Otolaryngology-Head and Neck Surgery, Vol 143, No 2S2, August 2010
tions associated with surgery in the head and neck, infections diseases and trauma. The occurrence of this complication after dental extraction is uncommon. METHOD: A case report is presented and the literature reviewed. RESULTS: A twenty-five-year-old man presented to the emergency department complaining of swelling and pain in the face and neck after dental extraction. He had crepitus on cervical palpation without thoracic complaints. Fiberoptic laryngoscopy did not reveal glottic lumen compromise. Computed tomography scan (CT) of the neck showed extensive subcutaneous emphysema and pneumomediastinum. The patient remained in observation for dyspnea, dysphagia and potential infectious signs with a favorable outcome. CONCLUSION: The authors present a case of an extensive subcutaneous emphysema and pneumomediastinum secondary to dental extraction and discuss the mechanisms, clinical presentations and possible complications. The literature is reviewed. Combined Effect of Sleep Apnea and Age on Blood Pressure Jiung-Chih Chao, MD (presenter); Yu-Tuan Chang, MD; Cheng-Yu Lin, MD; Jiunn-Liang Wu, MD OBJECTIVE: Epidemiologic studies have shown obstructive sleep apnea (OSA) is an independent risk factor for systemic hypertension. The prevalence of systemic hypertension also increases gradually with age. The purpose of this study was to assess the combined effect of OSA and age on daytime blood pressure. METHOD: Patients who received nocturnal polysomnography (PSG) in Tainan Municipal Hospital were invited between October 2008 and February 2010. Daytime blood pressure was measured at 7 AM soon after the subject completed PSG test. Participants were classified into three groups: Nonapnea (n⫽14, 18%) with RDI ⬍ 5 episodes/ hour; mild to moderate OSA (n⫽34, 43%) with RDI ⬎ 5 and ⬍ 30; severe OSA (n⫽31, 39%) with RDI ⬎ 30. RESULTS: Seventy-nine patients (79/101, 78.2%) (63 males) completed the whole study. The mean of age, severity of OSA (RDI) and systolic blood pressure (SBP) was 40.3 15.4 years, 28.1 26.0 /hour and 132.6 19.7 mmHg, respectively. RDI and age were significant risk factors for SBP (p⬍0.05). For the subjects with nonapnea/ severe OSA, SBP were not significantly related to age. However, SBP became severer when patients were older in the group of mild to moderate OSA (p⫽0.0067). CONCLUSION: This study revealed that age and RDI were risk factors in the development of daytime hypertension. Only for the patients with mild to moderate OSA, SBP was significantly worse when getting older.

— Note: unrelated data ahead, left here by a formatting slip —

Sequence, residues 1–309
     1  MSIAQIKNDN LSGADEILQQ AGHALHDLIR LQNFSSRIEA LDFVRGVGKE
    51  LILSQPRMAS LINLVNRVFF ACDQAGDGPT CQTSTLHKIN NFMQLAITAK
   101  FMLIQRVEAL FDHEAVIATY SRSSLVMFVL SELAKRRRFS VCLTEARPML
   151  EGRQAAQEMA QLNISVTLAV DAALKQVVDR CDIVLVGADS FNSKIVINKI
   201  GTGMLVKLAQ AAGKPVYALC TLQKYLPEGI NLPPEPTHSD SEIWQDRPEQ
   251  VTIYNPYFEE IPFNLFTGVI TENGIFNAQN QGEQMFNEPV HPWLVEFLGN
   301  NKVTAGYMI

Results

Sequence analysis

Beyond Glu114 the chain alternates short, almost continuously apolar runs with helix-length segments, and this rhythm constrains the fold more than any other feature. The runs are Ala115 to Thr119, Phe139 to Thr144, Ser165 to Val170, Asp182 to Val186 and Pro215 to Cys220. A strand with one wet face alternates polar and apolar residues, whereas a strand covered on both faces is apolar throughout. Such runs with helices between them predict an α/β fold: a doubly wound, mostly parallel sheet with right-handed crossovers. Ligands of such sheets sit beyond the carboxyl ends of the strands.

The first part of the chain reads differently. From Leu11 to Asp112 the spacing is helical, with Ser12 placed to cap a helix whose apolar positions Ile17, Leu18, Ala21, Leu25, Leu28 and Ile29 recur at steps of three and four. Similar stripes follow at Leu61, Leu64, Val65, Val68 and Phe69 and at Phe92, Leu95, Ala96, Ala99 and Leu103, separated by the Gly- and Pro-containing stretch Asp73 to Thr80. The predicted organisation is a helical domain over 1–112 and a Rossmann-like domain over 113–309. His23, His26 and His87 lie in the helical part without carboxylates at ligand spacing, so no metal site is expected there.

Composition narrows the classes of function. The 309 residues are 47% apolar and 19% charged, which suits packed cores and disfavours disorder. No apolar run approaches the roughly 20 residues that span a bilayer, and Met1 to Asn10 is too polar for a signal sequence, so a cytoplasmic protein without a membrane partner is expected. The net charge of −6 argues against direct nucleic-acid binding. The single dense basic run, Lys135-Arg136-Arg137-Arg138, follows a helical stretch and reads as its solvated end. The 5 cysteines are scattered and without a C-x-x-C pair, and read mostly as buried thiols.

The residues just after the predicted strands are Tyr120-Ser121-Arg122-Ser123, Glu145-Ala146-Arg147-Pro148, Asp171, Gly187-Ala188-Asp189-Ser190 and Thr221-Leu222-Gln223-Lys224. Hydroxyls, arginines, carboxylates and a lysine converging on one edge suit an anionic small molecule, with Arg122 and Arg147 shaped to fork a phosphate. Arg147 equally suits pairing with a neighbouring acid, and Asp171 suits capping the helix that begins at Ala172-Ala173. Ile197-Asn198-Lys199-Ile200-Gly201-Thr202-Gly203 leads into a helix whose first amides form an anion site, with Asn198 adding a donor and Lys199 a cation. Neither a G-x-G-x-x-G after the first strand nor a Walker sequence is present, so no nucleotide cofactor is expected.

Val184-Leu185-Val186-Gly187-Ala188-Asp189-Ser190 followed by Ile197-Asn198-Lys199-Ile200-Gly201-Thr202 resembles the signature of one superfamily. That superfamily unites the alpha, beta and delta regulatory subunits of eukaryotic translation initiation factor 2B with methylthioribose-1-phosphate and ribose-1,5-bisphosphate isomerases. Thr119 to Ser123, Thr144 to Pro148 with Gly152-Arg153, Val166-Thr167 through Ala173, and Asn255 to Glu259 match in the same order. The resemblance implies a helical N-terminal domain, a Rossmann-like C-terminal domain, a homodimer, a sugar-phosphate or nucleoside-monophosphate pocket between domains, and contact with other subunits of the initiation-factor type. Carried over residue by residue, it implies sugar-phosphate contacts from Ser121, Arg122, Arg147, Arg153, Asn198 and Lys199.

Comparison of Measures of Nasal Airway in Obstructive Apnea Fernanda Haddad, MD (presenter); Luis Carlos Gregorio, MD; Lia Rita Azeredo Bittencourt, MD, PhD; Sergio Tufik, MD, PhD OBJECTIVE: Compare validated measures of the nasal airway: anatomic (acoustic rhinometry), physiological (nasal peak inspiratory flow (NPIF)), and subjective experience (questionnaire data) in patients with Obstructive Sleep Apnea Syndrome(OSAS) and a control group. METHOD: A transversal study of 47 adults patients with obstructive sleep apnea (OSA) and 20 control patients (NONOSA group), included upright and supine rhinometry (minimum cross sectional area [MCA] and volume), flow measurements, ENT exam, nasofibrolaryngoscopy flexible, as well as subjective measures and polysomnography variables. Study conducted between October 2008 and May 2009 at sleep institute UNIFESP. Comparison between patients with OSA and NON-OSA group were evaluated adjusting for age, sex and body mass index. RESULTS: 67 patients, 47 with OSAS and 20 patients NONOSAS. The mean of BMI was 2.894.3 Kg/m in OSAS and 282.54 Kg/m in NON-OSAS (p⬎0.05), neck circumference 38.34.2cm in OSAS and 35.73cm in NON-OSAS (p⬍0.05). Some polysomnography variables like Apnea Hypopnea Index (p⬍0.05), Arousal index (p⬍0.05) and lowest SpO2 (p⬍0.05) showed a significant statistical difference compared to controls. CONCLUSION: The majority of anatomic and subjective measures of nasal airway are significantly different in patients with OSAS and control group. The measurement of NPIF showed no statistical correlation. Computer-based Modeling of Outcomes After Nasal Surgery Sachin Pawar, MD (presenter); Julia Kimbell, PhD; Guilherme Garcia, PhD; John Rhee, MD, MPH OBJECTIVE: Emerging bioengineering modeling techniques have future applications in optimizing nasal surgery outcomes. The first step towards this goal is to test the hypothesis that computational fluid dynamics (CFD) estimations correlate with patient-reported measures. METHOD: This is a preliminary in-depth analysis of a single patient within a larger 4-year prospective study. Patient underwent a septoplasty and turbinate reduction with patient-reported symptoms measured using a visual analogue scale (VAS): 1⫽no airflow, 10⫽free flow. In parallel, a CFD model of the nasal passages was created using pre- and post-surgery CT scans. Outcome measures calculated using CFD included: nasal resistance, airflow allocation, pressure at walls, wall shear stress, and heat flux.